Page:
The Centre’s decision to strictly implement the Good Clinical Practice (GCP) will affect the traditional ayurvedic system and production of medicines in India, according to ayurvedic experts.
They say GCP is suitable for modern systems of medicine like allopathy and is not practical in the production of several traditional ayurvedic medicines. In India, ayurvedic medicines are prepared based on the Drugs and Cosmetics Act of 1945. The medicines are prepared according to the directions of 58 authentic ayurvedic titles popular in different parts of the country, like Charakasamhitha, Ashtangahridaya and Sahasrayogam. These books mention nearly 550 formulations and nearly 600 species.
Apart from the generic/classic medicines, various companies make proprietory medicines by combining generic/classic medicines, says D Ramanathan, managing director of Sitaram Ayurveda Pharmacy and Speciality Hospital and general secretary, Ayurveda Medicine Manufacturers Organisation of India.
This is the practice in India for the last 65 years and is approved by all ayurvedic practioners and experts. GCP insists pre-clinical and clinical trials for all the combination medicines, including medicines being sold for the last 50 years. There should be four phases of clinical trials before prescribing and selling the medicines. According to him, at least Rs 5 crore is required for the clinical trials of each medicine.
The proposal of the Union government insists all the parameters practiced in the research, development and production of modern medicine should be applied for traditional medicines too. Ramanathan , however, says this is not practical in a traditional style of medicine manufacturing where different types of medicinal plants, oils and combinations are used for preparing medicines.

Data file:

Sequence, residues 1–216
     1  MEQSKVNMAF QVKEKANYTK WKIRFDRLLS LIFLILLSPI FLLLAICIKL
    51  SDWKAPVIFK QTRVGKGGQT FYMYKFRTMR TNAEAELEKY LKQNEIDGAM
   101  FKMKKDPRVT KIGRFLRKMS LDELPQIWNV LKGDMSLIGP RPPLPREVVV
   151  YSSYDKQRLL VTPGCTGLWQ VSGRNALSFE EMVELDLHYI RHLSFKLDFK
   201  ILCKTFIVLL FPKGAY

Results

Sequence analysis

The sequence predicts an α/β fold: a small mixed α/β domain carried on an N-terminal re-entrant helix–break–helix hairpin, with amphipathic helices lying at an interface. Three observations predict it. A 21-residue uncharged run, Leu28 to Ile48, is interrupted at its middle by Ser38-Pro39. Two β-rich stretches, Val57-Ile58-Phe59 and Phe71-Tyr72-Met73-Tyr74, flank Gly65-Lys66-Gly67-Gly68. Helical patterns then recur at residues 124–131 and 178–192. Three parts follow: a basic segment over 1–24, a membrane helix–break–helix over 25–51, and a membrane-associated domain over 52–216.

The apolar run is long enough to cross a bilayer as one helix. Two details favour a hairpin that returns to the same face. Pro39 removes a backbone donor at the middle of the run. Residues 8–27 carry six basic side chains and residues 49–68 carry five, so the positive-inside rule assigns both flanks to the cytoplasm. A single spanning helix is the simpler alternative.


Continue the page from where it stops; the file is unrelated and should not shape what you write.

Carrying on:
According to him, as huge amounts must be invested to set up facilities for pre-clinical and clinical trials, ayurvedic medicines manufacturers, especially in small and medium segments, would be fully wiped out. This may also result in a sharp increase in the prices of medicines.
Citing the example of China, he says, China, the world’s largest manufacturer of traditional medicines, has introduced a separate clinical practice for the traditional style of treatment. China exports traditional medicines worth Rs 5,000 crore annually while India, which has 5,000 years of experience in Ayurveda, exports just worth Rs 500 crore.
In future, there will be several complications in treating with ayurvedic medicines as insurance cover might be restricted to GCP medicines. In India, especially in Kerala hundreds of foreign citizens come only for ayurvedic based treatment every year. A large number massage oils could not be produced and sold after the GCP is implemented, he added.